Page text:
Get in touch

Protect Your Business

If you are a business owner or shareholder, your share of the company becomes part of your estate in the event of your death. As the business is likely to be one of, if not the most important and valuable asset in your estate, it’s important that you put plans in place to leave your share or company in good hands when you pass away.

Including plans for your business within your will allows you to ensure that it is taken over by a person or people chosen by you, rather than risking losing your share and possibly damaging the business itself.

By doing so, your business benefits your beneficiaries and the business itself, while preserving your hard work and legacy after you pass away.

There are several factors to consider when constructing this part of your will, and our team of experienced specialists are on hand to provide an excellent will-writing service that leaves no stone unturned.

Whether you own shares in a multi-million pound company or have built your own small family business from the beginning, you need to make sure that it is left to an adequate beneficiary in the event of your death.

What is business succession planning?

Business succession planning essentially refers to the logistical and financial decisions you must make regarding your business in the event of your death, retirement, an injury or illness.

The future of your business is highly insecure if you do not make plans for your death, and there are many questions to consider when deciding who it should be left to. For example:

  • Who would be entitled to a share of your business?
  • Could your business partners buy your share?
  • Would your family members want the burden of owning a business?
  • Would the business be in danger of declining without your management?
  • Could your family members work with your current partners?

Family business succession planning is particularly important due to the disputes it could cause if you have not made clear who should take what percentage of your share within a will. Any business is likely to be of great financial value, but family businesses can also be worth a lot to your loved ones in terms of sentiment.

You must have a clear succession strategy and should ideally discuss it with your family and any existing partners while you are still alive, in order to prepare in the best way possible and ensure that your business continues to thrive when you’re no longer around.

There are a lot of responsibilities that come with owning a business, so be sure to provide the business successor with information on the following:

  • Customer relations
  • Export markets
  • Access to critical passwords
  • Control of bank accounts

You can give the successor(s) this information in a clearly written document inside the will, but you should also think about training a successor to be in a position to take over one day – if circumstances allow, of course. Life is unpredictable and death can strike at the moment you and your family least expect it, so having a will ready is recommended to cover all eventualities.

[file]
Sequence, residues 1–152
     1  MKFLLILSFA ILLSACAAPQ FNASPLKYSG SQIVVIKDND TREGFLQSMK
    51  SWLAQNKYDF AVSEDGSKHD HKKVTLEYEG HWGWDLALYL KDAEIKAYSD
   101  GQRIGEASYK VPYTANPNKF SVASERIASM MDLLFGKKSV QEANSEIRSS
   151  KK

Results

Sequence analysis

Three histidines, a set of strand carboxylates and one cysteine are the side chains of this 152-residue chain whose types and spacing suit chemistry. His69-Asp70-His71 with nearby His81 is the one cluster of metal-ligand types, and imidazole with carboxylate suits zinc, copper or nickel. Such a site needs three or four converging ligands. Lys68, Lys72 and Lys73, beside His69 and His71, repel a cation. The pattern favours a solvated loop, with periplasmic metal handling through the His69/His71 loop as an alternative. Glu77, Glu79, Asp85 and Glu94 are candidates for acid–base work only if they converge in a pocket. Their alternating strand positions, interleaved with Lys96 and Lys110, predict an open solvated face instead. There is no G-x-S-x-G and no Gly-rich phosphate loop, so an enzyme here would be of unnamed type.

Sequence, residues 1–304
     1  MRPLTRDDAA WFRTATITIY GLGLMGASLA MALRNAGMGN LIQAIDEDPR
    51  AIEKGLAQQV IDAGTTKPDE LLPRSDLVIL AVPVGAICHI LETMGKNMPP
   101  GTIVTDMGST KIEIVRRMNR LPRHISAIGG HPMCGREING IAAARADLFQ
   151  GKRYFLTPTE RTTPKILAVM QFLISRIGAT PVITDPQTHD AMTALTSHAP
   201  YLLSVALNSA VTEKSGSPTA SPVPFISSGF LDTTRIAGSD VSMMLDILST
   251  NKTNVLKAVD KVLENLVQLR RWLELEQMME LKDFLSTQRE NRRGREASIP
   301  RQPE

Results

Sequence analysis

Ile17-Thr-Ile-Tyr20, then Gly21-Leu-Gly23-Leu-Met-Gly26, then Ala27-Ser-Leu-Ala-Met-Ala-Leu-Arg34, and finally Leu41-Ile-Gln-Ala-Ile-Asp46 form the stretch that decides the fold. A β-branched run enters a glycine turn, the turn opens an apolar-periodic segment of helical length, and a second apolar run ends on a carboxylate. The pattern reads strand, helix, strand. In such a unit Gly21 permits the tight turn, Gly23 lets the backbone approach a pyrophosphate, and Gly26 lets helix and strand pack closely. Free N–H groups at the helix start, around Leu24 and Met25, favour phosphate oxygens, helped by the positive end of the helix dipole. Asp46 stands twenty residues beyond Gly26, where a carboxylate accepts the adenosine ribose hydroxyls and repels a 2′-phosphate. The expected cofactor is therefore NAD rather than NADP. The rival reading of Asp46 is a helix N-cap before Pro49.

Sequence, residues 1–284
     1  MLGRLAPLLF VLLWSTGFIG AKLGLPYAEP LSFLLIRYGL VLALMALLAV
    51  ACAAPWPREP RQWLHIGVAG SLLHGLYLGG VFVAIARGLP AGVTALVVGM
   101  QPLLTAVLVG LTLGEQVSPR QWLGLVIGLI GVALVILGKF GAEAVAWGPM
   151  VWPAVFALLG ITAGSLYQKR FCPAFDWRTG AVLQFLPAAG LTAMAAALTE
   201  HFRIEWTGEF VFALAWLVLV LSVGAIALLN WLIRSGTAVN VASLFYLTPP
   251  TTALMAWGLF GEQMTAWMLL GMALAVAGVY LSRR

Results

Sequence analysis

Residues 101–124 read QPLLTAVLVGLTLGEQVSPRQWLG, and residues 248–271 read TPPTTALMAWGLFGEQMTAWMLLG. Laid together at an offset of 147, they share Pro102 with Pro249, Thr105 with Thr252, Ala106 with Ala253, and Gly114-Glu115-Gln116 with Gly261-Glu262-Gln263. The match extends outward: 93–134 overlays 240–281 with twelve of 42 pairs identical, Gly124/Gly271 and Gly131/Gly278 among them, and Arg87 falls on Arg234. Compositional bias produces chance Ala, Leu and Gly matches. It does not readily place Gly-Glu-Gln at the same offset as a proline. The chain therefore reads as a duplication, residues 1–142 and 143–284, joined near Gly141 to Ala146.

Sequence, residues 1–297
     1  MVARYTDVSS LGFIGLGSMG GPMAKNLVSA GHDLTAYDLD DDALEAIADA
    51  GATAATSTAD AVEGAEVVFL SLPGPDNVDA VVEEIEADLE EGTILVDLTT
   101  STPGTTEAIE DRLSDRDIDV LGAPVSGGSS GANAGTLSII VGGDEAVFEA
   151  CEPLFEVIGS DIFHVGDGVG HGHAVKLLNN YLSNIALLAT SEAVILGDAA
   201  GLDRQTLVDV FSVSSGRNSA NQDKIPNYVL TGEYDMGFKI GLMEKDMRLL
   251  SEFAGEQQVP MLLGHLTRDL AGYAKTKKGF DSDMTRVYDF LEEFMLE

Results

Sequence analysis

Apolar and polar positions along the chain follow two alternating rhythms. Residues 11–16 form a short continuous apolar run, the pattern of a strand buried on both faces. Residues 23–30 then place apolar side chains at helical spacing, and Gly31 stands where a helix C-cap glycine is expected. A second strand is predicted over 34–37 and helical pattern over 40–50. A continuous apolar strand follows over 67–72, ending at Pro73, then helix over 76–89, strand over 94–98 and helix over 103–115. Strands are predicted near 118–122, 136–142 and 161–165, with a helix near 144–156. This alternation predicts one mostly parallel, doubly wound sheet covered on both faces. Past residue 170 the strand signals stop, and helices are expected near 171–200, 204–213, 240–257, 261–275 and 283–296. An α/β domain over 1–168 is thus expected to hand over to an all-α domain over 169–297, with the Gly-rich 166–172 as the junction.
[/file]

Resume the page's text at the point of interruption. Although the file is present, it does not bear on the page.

Letter of wishes in a will

Difficult decisions are made when choosing who should inherit your business, especially if the company is close to the family’s heart. In order to avoid family disputes following your death, our partner solicitors can help you write a letter of wishes.

A letter of wishes is a confidential and relatively informal document that is often written to accompany a will.

Unlike a will, a letter of wishes is not legally binding, but it is a useful way of explaining the nature of your choices to your loved ones left behind, as well as providing executors and trustees with guidance regarding your wishes following your death.

Inheritance tax and businesses

It’s important to plan for inheritance tax well before you pass away, especially as a business owner, as the tax bill can be such a considerable amount that the business is sometimes better off being sold due to it losing so much of its financial value.

The maximum estate threshold is currently set at £325,000, so you are required to pay 40% tax on anything above that amount. By using us at Quick Wills, you can put plans in place that help you avoid paying such a hefty bill, as there are legal ways of decreasing the inheritance tax on your estate.

However, if you find that your estate will be subject to significant inheritance tax, the executor or administrator of your estate could claim business relief. You are able to claim business relief on properties, unlisted shares and machinery.

For more information on inheritance tax and claiming business relief, get in touch with us today for a useful and informative consultation.

Will writing services in the UK

At Quick Wills, we work with our trusted partners to provide professional and tailored will writing services, including help with trusts. Our strong partnerships mean that we can provide you with a variety of services to cater to your needs, all at an affordable cost.

In order to receive your first consultation, get in touch today, obligation-free, by giving us a call or completing our short contact form and we will be in touch at a time that best suits you.

Get in touch